Sunday, October 13, 2013

Raise the Debt Ceiling Already.

"Odd words for a libertarian," I hear you say.

No, not really. I'm used to living in this warped reality built by the Republicans and Democrats. The plain fact of the matter is that it has to be raised. There really is not a viable option, and all of the negotiating parties know that for a fact... so the outcome is a foregone conclusion, and it is the discussion that's a farce.

Here are some facts:

FACT #1: You don't even need a source for this one. Just first-grade arithmetic. Unless we actually balance this year's budget... and by that I mean we reduce the number of dollars spent to be the same or less than the number of dollars actually raised through taxes, tariffs, and fees... then we are going to hit the debt ceiling. In other words, any discussion of the debt ceiling is useless until we first solve the problem of the deficit.

FACT #2: This should be obvious, but it is the deficit and not the debt ceiling that is our problem. There would be no discussion or even thought of the debt ceiling were it not for spending money we don't have. Some folks don't have a problem with deficit spending... they argue that the Federal government is effectively immortal and can run a deficit forever. They forget that outrunning our debts is a sucker's game. It assumes you're going to die before somebody comes to collect. And when you're immortal, somebody WILL come to collect.

FACT #3: Neither the Republicans nor the Democrats have any proposal whatsoever that comes even remotely close to solving the deficit this year. Nobody in government has actually balanced the budget, and private attempts to do so are draconian. (Yes, back in March Paul Ryan declared on the House floor that the House of Representatives passed a balanced budget, but this is taking liberties with the truth. The plan is actually over a 10 year period... which does nothing about the debt ceiling this year.)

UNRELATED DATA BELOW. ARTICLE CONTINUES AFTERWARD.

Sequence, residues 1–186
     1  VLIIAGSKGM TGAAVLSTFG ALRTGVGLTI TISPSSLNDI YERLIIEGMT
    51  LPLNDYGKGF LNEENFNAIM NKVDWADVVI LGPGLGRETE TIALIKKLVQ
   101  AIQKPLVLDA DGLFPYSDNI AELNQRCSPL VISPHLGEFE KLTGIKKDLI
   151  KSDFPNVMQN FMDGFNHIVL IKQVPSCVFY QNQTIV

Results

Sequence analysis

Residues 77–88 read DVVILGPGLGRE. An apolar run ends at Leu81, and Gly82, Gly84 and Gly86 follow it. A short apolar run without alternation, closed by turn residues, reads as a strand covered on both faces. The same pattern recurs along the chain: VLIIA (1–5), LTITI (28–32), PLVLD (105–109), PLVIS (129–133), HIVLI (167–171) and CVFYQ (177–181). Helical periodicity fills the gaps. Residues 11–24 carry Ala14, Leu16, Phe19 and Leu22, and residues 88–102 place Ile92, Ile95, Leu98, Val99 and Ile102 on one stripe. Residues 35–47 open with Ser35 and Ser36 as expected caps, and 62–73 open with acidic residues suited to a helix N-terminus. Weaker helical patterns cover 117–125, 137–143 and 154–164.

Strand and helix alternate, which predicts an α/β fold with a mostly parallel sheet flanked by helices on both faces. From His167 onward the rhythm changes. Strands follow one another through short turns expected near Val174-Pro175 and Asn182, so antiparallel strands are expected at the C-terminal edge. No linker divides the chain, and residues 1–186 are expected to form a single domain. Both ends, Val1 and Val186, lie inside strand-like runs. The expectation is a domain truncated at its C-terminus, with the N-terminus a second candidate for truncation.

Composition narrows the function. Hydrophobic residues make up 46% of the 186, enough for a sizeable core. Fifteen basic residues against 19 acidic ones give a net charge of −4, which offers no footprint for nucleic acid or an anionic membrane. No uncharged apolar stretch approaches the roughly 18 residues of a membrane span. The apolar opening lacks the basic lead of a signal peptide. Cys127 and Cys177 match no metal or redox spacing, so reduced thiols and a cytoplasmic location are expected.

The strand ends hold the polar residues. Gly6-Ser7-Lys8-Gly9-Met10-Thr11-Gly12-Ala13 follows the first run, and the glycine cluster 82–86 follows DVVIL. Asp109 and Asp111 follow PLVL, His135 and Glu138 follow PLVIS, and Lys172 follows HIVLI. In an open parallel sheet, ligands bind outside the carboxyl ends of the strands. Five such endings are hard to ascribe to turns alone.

FACT #4: It is true, though, that so long as the debt of the US Government is issued in fiat currency... that is, dollars created by the US Government, then it is impossible for the US to default on its debts. ([source]... [source]... [source]... [source]... you get the idea). So don't stress over that... that's the problem either. If the government is pumping trillions into the economy, where is it going? The problem is what will happen should all that money that's being pumped into the system make it to general circulation. There's pressure for that to happen. The politics of envy are such that Americans look with disdain toward the broadening gap. Hamburger-flippers want $15 per hour because they can't tell the difference between an entry-level position and a career. Let that money into circulation and rampant inflation will result. A $10 gallon of milk could be cheap in the near future. But the government will still be able to pay on the debt. The problem then is that the currency will be so devalued that no one will want it, and those that invested in the US would find that they lost money on the gamble, even though they were repaid in full. Our economy would collapse, as has every undisciplined economy running under fiat currency since the time of the Caesars.

FACT #5:  Instantly balancing the budget would be disastrous. It would force the immediate closure of numerous government agencies. While I agree that they should not only be disbanded -- and go the extra step to say they shouldn't ever have been created in the first place -- I think it's pretty obvious what happens if you don't get rid of them in as orderly a fashion as you created them. Dumping millions of brand-new jobless people onto the open market at once isn't going to solve the problem. They'll just all wind up on the dole, and the system cannot handle it. Deficit spending would continue, to handle the load.

So stop pretending you have a choice. Just shut up and raise the debt limit.